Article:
Shopping for Birth Control Pills?

Shopping for Birth Control Pills?

Like jeans, birth control preference is not one size fits all (unless you happen to find yourself in Sisterhood of the Travelling Pants). Your friend’s current brand may just not work for you. That’s why it is important to be patient when first starting out on birth control; you may need to try out a few pills before you find your perfect match. Just like shopping for jeans, this may take some time. Contraceptive methods come in many forms, including the ring and the patch, but the most common is oral contraception—aka “the pill.”

Doctors typically suggest waiting 2-3 months after starting birth control to properly evaluate how your body has adjusted to the pill, but in this lead-up time you may experience a variety of symptoms including:

  • Nausea
  • Headaches
  • Dizziness
  • Sore breasts
  • Changes in your period
  • Spotting

If you don’t feel back to your normal self after this trial period, talk to your doctor about trying a different brand or method of contraception. That being said, this transition period should not be a painful experience. If your symptoms are too disruptive during this trial period consult with your doctor immediately and come up with a new plan. Using a contraceptive product is supposed to solve problems, not create new ones. Birth control - like jeans - takes some time to adjust to, but you wouldn’t keep wearing stiff jeans after they’re supposed to be broken in, would you? 

When first starting a new birth control pill, not all symptoms are quite as obvious. Many worry about the effects that the pill, and the changing hormones it induces, will have on their mood. One of the most commonly reported reasons for stopping birth control is dramatic changes in mood or an increase in depressive symptoms. While researchers have yet to find a direct link between the pill and general moodiness or induced depression, there is evidence that suggests some of the hormones birth control pills utilize can influence brain function [1]. When looking at different pill options, keep an eye out for options that contain estradiol or estradiol valerate. Both of these hormones have recently been shown to reduce mood changes while on the pill. 

It’s also important to mention that not all side effects of the pill are bad. Some are quite great, actually! The pill can:

  • Prevent pregnancy (with 99% effectiveness if taken properly)
  • Regulate menstruation (particularly useful for those with heavy/irregular periods)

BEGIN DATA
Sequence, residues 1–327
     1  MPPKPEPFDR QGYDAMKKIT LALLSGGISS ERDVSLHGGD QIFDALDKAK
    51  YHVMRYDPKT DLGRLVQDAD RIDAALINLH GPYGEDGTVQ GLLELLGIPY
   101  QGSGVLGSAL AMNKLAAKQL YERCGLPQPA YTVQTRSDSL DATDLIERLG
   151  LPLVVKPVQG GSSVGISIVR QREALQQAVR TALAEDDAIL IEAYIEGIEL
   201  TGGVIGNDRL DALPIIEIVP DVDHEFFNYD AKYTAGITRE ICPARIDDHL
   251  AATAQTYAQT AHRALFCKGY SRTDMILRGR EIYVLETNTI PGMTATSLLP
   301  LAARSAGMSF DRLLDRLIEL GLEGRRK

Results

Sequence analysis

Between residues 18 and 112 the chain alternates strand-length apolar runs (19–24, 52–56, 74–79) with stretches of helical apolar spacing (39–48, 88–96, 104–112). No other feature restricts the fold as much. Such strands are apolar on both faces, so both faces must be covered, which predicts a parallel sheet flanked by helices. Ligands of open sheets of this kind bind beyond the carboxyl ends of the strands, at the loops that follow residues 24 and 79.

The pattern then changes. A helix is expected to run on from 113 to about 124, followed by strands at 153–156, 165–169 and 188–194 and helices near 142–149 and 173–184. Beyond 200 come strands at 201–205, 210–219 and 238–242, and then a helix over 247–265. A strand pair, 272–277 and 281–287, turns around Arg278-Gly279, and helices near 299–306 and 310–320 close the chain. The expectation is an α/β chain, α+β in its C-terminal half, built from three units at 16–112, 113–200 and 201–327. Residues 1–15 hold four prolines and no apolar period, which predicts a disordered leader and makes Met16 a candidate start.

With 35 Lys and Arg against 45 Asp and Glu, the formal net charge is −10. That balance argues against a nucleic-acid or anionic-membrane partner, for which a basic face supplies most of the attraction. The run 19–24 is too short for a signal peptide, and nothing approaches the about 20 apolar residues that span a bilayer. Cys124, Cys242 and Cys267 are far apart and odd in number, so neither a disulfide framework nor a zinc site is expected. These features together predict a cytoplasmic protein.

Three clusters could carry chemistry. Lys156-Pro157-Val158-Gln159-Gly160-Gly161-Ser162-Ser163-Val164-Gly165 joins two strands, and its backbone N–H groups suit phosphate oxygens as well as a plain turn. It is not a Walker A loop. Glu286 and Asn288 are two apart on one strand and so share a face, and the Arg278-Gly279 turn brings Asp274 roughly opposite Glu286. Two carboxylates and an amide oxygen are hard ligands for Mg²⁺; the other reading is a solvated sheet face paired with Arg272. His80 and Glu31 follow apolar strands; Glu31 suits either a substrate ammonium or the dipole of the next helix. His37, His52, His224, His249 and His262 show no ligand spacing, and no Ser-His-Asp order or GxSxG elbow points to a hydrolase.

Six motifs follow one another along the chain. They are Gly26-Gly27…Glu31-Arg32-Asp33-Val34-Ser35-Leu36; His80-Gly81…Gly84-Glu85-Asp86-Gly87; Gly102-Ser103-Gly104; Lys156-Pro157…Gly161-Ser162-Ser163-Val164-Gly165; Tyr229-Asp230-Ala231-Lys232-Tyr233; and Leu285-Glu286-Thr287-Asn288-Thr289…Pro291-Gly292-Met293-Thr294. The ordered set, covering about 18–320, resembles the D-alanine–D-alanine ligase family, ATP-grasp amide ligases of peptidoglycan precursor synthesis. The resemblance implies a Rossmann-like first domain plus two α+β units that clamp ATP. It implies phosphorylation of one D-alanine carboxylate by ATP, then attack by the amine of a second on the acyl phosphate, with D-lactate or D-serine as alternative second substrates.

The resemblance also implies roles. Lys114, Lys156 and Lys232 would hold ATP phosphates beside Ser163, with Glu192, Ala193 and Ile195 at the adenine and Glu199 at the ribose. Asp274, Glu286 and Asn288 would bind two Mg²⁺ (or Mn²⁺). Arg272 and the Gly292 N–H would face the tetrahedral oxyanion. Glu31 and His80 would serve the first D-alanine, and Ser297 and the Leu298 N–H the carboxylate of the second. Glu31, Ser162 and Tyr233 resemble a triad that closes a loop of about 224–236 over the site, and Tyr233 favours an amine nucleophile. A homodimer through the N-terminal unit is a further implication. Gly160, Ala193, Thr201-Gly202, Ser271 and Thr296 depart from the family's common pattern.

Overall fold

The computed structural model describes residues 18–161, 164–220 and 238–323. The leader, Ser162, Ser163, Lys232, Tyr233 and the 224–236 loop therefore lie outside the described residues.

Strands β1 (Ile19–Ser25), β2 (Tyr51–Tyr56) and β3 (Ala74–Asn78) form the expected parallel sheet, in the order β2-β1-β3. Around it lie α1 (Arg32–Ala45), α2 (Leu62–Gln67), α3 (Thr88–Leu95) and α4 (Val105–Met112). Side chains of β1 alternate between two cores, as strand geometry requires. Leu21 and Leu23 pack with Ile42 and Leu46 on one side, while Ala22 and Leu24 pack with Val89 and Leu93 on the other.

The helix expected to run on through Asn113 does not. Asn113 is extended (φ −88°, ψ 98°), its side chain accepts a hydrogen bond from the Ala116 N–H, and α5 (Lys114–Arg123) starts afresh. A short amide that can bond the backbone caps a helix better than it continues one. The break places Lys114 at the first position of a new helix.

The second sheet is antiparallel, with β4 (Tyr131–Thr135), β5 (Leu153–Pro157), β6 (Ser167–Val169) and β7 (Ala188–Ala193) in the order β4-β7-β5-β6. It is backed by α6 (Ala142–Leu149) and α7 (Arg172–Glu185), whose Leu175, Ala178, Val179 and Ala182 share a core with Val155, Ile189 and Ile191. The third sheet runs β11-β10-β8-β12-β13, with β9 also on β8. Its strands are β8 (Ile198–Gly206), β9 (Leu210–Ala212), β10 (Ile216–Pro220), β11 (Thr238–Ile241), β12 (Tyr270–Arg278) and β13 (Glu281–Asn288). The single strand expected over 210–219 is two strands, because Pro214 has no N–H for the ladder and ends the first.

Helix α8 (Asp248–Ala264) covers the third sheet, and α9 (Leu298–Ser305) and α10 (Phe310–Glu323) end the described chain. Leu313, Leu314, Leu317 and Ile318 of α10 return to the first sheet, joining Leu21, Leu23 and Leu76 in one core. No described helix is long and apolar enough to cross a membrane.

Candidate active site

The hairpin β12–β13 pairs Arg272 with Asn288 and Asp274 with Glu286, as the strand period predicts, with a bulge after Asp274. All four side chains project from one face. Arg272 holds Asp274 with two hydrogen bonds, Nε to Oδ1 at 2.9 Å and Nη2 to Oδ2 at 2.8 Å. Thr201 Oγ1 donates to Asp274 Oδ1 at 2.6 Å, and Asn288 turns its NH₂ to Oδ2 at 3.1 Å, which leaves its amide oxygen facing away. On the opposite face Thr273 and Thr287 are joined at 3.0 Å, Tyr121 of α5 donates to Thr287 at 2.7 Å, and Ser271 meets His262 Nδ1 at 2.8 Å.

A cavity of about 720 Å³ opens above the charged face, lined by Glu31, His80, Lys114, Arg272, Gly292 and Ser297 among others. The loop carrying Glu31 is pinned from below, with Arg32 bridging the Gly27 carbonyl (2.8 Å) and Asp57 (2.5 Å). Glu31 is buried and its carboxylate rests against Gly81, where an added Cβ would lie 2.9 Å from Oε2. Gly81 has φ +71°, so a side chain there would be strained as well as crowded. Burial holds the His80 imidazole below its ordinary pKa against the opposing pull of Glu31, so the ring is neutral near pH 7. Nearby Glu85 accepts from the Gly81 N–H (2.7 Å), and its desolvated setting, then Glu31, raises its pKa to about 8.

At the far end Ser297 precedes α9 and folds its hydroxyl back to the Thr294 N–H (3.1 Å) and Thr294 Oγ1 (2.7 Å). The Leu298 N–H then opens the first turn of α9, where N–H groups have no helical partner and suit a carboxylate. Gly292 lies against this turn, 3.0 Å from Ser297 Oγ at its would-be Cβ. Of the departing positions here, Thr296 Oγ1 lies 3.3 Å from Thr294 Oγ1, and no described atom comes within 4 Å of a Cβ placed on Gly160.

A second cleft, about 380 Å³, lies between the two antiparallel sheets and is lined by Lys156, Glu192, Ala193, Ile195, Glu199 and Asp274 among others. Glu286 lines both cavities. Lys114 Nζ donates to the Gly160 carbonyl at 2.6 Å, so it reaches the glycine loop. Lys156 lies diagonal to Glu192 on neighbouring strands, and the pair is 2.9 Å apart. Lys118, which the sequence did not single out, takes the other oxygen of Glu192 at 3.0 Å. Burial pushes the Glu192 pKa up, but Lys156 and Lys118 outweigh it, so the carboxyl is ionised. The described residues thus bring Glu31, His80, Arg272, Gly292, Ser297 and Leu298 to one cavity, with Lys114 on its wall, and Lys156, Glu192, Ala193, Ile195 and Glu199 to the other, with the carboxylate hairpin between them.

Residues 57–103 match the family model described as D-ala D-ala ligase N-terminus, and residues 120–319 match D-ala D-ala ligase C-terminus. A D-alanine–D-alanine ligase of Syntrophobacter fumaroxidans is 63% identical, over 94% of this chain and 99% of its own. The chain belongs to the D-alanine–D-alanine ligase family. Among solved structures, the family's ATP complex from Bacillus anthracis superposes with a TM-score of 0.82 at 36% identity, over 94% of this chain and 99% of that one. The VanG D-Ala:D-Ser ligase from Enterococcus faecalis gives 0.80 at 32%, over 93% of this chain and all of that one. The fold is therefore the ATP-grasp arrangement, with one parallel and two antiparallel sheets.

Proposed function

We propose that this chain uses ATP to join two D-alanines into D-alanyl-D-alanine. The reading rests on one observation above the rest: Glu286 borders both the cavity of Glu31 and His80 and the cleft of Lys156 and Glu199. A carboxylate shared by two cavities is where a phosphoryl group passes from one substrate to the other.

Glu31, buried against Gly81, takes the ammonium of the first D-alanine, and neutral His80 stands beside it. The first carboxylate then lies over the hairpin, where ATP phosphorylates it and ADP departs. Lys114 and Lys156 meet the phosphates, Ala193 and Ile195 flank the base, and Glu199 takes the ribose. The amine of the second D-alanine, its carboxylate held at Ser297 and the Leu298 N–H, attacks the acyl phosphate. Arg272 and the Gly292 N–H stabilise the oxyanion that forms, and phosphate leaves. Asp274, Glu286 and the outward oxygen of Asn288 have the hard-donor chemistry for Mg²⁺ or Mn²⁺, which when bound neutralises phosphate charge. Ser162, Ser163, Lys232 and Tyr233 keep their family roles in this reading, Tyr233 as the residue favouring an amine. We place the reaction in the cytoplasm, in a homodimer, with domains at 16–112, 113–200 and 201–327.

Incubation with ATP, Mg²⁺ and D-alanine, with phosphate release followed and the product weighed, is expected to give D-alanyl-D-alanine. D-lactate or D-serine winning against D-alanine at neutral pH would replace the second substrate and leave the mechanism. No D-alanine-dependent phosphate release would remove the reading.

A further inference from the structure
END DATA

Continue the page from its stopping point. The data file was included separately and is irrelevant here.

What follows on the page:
• Decrease PMS symptoms
  • Improve hormonal acne
  • Help manage endometriosis

There are two main types of birth control pills: the combination pill and the mini pill. Both must be taken at the same time every day to be effective. 

  • Combination pill: contains estrogen and progestin
    • The doses of each hormone vary amongst pill options. Those who are more sensitive to fluctuating hormones may want to look for a pill with a lower dose of estrogen; in the typical 10-35 microgram (μg) range look for a dosage closer to 10. If you’re worried about spotting and breakthrough bleeding you want to look for a pill at the top end of the estrogen range. 
      • Important to note: Most users who choose low-dose pills experience fewer side effects
    • Pills typically come in monthly packs with 21 active pills and 7 inactive pills. This time period can be extended with an extended-cycle product. Bleeding will occur on days you take an inactive pill—this is known as withdrawal bleeding and occurs due to dropping hormone levels (which is also what causes a normal period). 
  • Mini pill: only contains progestin
    • The progestin dose will be lower in these pills than in any combination pill.
    • All pills are active, but you may still get your period on the mini pill. It is very normal for your period to be irregular when first starting with it, and for breakthrough bleeding and spotting to occur. The amount of bleeding varies greatly from person to person.
    • The mini pill is ideal for candidates who have been advised by doctors to not use contraception containing estrogen, including those with high blood pressure, previous blood clots, those who are currently breastfeeding, or a smoker after age 35.

Within each category of pills, there are a variety of options available on the market. The key physiological difference between the two pills is that the combination pill prevents ovulation (when ovaries release the egg), but most mini pills do not. While combination pills have a wider room for error—if you take the pill every day it’s fairly effective—mini pills must be taken at roughly the same time every day for proven pregnancy prevention. Consider your schedule and if you will realistically be able to incorporate this routine before choosing a pill. 

Obviously, the positives of the birth control pill you’re using must outweigh the negatives. We recommend tracking your symptoms throughout the trial period to get a better sense of how your body is responding to the pill until you find your perfect fit. And while you’re trying out different pills please remember almost half of women report going off the pill within a year citing intolerable side effects. So no, you’re not going crazy, you’re probably just on the wrong pill. 

And, by the way, don’t settle on that uncomfortable pair of jeans either.

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